Grand Rapids, MI (WZZM) - With all the hot air balloons taking to the skies this weekend in Battle Creek, what is the science behind the pastime?
Doug Mills of Sky High Hot Air Balloons explains about thermals and turbulence.
"Thermals are like mini-tornadoes," said Mills, who's been flying hot air balloons with his wife since the 70s. Mills says thermals are, "caused by the heat of the sun. So, they're out there spinning around. In Michigan, don't have a lot of them; but if there's a dark field or a huge black parking lot, this can put off a heat thermal and we try to fly in the evening after the thermals have quit because they do cause uncontrolled flying and spin the balloon around."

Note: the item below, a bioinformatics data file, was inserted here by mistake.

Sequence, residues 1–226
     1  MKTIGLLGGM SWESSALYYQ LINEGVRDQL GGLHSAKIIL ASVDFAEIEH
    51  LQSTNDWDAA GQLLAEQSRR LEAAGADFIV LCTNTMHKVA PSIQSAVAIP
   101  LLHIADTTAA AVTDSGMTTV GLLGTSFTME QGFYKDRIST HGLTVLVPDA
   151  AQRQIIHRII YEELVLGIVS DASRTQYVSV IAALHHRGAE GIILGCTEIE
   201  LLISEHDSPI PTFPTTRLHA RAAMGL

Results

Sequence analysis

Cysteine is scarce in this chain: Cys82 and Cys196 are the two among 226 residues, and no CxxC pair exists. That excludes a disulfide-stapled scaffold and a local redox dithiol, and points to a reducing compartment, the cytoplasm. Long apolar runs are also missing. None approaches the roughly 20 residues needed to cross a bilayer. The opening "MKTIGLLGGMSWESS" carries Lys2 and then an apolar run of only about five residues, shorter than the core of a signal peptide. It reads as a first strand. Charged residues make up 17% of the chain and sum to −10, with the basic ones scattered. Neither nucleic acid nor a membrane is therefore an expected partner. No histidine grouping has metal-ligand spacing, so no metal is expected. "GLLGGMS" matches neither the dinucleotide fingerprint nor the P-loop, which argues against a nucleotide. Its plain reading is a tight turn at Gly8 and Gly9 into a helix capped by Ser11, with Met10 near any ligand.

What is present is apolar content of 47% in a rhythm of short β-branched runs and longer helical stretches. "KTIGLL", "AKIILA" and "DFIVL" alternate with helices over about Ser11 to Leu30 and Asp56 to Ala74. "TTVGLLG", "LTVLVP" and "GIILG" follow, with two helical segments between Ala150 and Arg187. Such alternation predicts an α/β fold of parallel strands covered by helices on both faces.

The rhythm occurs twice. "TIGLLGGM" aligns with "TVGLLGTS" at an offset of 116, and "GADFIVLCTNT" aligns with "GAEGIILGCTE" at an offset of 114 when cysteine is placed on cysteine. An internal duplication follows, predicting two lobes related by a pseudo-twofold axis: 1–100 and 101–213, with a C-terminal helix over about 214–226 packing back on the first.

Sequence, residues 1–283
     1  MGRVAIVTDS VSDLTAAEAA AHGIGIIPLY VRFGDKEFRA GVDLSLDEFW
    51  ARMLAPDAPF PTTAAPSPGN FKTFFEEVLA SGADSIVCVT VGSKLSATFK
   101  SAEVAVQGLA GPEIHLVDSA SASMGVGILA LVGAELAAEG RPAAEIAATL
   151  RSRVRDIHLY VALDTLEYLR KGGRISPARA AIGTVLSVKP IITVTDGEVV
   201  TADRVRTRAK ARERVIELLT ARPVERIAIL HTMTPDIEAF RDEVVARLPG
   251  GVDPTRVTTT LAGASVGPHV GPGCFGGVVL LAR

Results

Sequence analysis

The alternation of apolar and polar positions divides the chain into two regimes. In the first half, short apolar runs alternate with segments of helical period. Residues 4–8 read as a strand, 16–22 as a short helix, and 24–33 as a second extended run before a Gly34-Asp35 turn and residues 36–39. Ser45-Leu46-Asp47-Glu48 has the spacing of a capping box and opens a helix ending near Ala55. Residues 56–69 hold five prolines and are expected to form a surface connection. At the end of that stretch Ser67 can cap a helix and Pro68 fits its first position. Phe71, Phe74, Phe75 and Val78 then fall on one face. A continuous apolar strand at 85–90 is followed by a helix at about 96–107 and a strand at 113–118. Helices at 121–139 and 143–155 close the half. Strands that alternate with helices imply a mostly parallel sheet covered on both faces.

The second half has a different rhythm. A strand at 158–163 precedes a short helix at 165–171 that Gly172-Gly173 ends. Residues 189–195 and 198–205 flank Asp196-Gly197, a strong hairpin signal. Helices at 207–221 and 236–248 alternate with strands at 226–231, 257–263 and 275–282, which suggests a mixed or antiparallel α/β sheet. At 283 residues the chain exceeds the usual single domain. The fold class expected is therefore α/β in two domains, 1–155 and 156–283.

Even though it might look like a beautiful, quiet day outside, pockets of moving air are located all over the earth. Some of those pockets can be quite violent.
Turbulent air is related to thermals. Any time an airplane encounters turbulence, it's the same concept. Air is constantly moving over the surface of the earth. Those winds typically become stronger with height.
Just like pilots, balloonists pay attention to the weather and aviation reports.
When conditions are not safe, the balloons stay grounded.
With those risks in mind, enthusiasts say nothing compares to sailing silently above the earth.